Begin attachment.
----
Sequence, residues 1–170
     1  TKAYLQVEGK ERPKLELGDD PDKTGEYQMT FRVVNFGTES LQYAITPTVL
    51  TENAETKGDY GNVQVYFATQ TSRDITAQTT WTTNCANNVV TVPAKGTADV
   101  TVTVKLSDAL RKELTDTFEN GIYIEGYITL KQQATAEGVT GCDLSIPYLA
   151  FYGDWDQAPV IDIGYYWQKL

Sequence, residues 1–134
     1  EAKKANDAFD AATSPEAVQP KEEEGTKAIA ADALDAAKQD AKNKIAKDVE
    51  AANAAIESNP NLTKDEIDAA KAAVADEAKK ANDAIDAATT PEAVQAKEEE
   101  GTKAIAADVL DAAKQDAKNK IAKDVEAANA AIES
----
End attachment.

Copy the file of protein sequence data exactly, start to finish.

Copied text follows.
Sequence, residues 1–170
     1  TKAYLQVEGK ERPKLELGDD PDKTGEYQMT FRVVNFGTES LQYAITPTVL
    51  TENAETKGDY GNVQVYFATQ TSRDITAQTT WTTNCANNVV TVPAKGTADV
   101  TVTVKLSDAL RKELTDTFEN GIYIEGYITL KQQATAEGVT GCDLSIPYLA
   151  FYGDWDQAPV IDIGYYWQKL

Sequence, residues 1–134
     1  EAKKANDAFD AATSPEAVQP KEEEGTKAIA ADALDAAKQD AKNKIAKDVE
    51  AANAAIESNP NLTKDEIDAA KAAVADEAKK ANDAIDAATT PEAVQAKEEE
   101  GTKAIAADVL DAAKQDAKNK IAKDVEAANA AIES